Animal activist installs billboards


Lifelong Malverne community advocate John DiLeonardo, who relocated to Riverhead last year, has dedicated his life to rescuing and rehabilitating animals, and now he’s hoping to encourage others to do the same in a big way.

DiLeonardo, who runs Long Island Orchestrating for Nature (LION), which he calls the “leading animal advocacy organization on Long Island,” has installed six billboards in Brookhaven, Deer Park, Syosset and Hicksville. The billboards remind passersby that “animal exploitation breeds killer diseases” and urges them to “keep animals off their plate and out of your classroom.”

LION was originally founded as a circus protest organization but has now expanded its focus to combating slaughterhouses, aquariums, wild animal acts and now its most prominent effort focuses on domestic fowl rescue.

He says that families and schools often buy chicks and ducklings for Easter gifts or for science experiments but then once the holiday or lesson is over, they become abandoned.

“When these cute little ducklings or chicks grow up and become big pooping machines and turn out to be a lot more work than they signed up for, people will just drive them to the nearest park or pond and dump them,” DiLeonardo said. “They basically discard them like trash but these are thinking, feeling animals; they’re not school science experiments and they’re not Easter props and we rescue hundreds every single year.”

Additionally, he says that this spreads disease.

“The avian flu is highly pathogenic and is going around the entire United States and there’s been a major outbreak, which is both a threat to wild and domestic birds and even humans,” DiLeonardo said. “Thankfully here hasn’t been a bird-to-human transmission in North America yet but scientists say there’s potential for it to be the next pandemic. When you buy an animal for a school experiment or to be shipped to your house at a day old, they’re all coming from these industrial factory farms where these diseases are incubated, so you’re not being health conscious; you’re introducing pathogens from these factory farms into your own backyard or school yard.”

The billboards feature full-color photographs of wildlife and the phrase “keep animals off your plate and out of your classroom.”

“The verbiage was all our own,” DiLeonardo said. “I’ve been vegan for almost 14 years now and we encourage people to stop consuming all animal products and we thought something catchy like ‘keep animals off your plate and out of your classroom’ would appeal to the masses rather than ‘go vegan’ we wanted to include that whole science project side of it.”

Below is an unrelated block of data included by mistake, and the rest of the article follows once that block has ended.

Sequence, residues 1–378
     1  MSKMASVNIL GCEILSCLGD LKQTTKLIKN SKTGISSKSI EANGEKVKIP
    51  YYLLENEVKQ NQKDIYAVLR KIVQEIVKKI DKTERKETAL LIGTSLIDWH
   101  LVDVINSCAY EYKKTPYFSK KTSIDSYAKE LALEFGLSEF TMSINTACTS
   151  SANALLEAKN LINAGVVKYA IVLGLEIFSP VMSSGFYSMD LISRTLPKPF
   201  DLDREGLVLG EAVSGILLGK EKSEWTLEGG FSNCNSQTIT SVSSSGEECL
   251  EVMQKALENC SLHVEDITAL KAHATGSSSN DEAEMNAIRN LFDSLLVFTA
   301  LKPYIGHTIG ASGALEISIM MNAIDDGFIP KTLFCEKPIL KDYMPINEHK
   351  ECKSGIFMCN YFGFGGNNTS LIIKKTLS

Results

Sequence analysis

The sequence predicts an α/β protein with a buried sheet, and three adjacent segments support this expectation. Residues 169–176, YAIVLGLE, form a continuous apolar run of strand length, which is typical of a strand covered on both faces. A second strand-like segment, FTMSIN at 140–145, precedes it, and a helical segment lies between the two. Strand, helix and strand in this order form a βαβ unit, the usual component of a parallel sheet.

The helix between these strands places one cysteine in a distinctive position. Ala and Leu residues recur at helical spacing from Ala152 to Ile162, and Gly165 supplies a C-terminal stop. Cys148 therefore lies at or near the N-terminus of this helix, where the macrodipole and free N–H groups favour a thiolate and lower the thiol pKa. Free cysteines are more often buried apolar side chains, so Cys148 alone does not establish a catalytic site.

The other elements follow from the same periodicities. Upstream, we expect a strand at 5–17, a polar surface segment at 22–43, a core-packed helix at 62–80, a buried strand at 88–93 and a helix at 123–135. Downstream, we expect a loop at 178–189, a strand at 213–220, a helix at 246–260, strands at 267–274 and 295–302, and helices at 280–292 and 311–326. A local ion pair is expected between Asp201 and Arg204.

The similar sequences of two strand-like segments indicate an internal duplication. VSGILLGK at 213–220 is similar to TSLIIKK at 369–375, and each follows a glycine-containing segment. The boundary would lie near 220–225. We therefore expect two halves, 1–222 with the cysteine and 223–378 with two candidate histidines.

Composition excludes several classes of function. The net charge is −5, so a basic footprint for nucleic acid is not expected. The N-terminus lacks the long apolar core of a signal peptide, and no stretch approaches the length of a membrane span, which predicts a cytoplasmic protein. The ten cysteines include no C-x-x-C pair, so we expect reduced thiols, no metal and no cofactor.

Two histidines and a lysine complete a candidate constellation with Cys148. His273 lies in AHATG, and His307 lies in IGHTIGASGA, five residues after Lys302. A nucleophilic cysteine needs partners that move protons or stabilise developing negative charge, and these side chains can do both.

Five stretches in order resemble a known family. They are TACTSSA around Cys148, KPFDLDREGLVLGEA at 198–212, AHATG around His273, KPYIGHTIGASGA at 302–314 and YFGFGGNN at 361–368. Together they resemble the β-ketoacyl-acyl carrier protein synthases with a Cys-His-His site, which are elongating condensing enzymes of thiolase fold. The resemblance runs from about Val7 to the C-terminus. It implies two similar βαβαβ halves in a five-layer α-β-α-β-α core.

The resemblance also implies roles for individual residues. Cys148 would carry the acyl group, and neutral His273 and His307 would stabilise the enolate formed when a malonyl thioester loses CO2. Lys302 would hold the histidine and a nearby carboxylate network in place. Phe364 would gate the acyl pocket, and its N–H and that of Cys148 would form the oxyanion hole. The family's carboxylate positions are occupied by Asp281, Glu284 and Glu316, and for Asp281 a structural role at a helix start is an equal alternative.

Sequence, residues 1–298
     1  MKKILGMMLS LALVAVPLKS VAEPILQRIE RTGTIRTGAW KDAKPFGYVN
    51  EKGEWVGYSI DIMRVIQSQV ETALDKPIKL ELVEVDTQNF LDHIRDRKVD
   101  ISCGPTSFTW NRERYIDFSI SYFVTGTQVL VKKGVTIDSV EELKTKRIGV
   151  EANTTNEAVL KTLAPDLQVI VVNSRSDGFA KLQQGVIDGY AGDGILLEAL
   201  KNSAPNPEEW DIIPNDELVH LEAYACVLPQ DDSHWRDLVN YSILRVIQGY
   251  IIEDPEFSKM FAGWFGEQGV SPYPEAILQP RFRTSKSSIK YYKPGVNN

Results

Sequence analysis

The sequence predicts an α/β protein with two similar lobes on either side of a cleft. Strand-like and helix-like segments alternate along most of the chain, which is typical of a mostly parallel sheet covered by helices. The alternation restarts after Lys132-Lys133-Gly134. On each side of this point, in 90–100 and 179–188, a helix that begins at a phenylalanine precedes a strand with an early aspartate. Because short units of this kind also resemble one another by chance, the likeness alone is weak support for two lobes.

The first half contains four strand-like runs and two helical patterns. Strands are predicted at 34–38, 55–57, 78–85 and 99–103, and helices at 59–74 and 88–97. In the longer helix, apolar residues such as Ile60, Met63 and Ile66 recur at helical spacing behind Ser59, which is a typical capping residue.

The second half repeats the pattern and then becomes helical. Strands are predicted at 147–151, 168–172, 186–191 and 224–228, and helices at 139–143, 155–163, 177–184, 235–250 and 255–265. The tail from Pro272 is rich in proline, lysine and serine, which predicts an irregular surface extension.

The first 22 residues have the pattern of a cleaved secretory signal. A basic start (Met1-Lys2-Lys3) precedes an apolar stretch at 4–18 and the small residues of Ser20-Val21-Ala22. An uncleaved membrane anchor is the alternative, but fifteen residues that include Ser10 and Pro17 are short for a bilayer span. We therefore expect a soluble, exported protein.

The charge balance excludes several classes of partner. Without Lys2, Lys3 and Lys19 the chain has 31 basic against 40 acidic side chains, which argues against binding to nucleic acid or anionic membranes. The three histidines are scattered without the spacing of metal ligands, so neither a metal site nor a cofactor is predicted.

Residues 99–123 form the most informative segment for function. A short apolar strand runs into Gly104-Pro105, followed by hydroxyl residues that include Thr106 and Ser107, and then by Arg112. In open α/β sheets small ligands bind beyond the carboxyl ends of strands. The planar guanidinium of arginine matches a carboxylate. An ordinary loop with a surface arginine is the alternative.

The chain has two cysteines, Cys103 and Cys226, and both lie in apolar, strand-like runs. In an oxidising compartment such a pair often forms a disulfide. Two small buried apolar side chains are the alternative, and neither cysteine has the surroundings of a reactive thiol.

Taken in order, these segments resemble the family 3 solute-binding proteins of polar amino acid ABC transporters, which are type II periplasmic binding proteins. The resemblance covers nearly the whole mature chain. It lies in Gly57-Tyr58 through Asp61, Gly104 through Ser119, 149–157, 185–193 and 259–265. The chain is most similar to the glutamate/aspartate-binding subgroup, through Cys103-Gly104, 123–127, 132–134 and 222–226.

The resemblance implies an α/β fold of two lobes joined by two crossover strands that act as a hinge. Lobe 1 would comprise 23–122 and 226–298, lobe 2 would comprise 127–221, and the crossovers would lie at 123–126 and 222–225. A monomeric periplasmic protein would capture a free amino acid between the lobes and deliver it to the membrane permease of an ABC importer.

He says that the images came from two sources: “human.cruelty” and “We Animals Media.”

Human.cruelty is a photographer who does undercover investigations into factory farms and took the photos of the gosling and waterfowl.

We Animals Media is a project of animal rights photographer Joanne McArthur and took the photos of the chickens.

The cost of the billboards was nine thousand dollars but was funded by a grant from Lush Cosmetics.

Each of the billboards were positioned in key locations.

“Every one of the billboards is in a location where there has been a massive amount of fowl abandonment and hatching projects,” DiLeonardo said. “They’re all in proximity to elementary schools where we’ve rescued quite a few birds. The one in Deer Park is around the corner from The Barn Pet and Feed store; we just did an undercover investigation with Inside Edition and we busted them for illegally selling underage birds in quantities of less than six. There’s a law in New York State that no baby duckling under age of two months can be sold in quantities of less than six. The reason for this is because it’s supposed to cut down on impulse buys. You can’t buy one baby chick and stick him in an Easter basket; you have to commit to a whole flock.”

Additionally, DiLeonardo offers alternatives to schools to using live animals in experiments.

“I’m an anthrozooloigst and my wife is a licensed wildlife rehabilitator, so we offer our services for free to any school or class that wants to have us and we’re comfortable speaking to Pre-K all the way up to the university level so we offer ourselves as alternatives,” DiLeonardo said. “You can also watch live videos; Cornell for example has live videos of hawks and eagles, so students can experience the lifecycle from egg to adulthood and watch how it happens in the wild naturally and not in a classroom away from their parents.”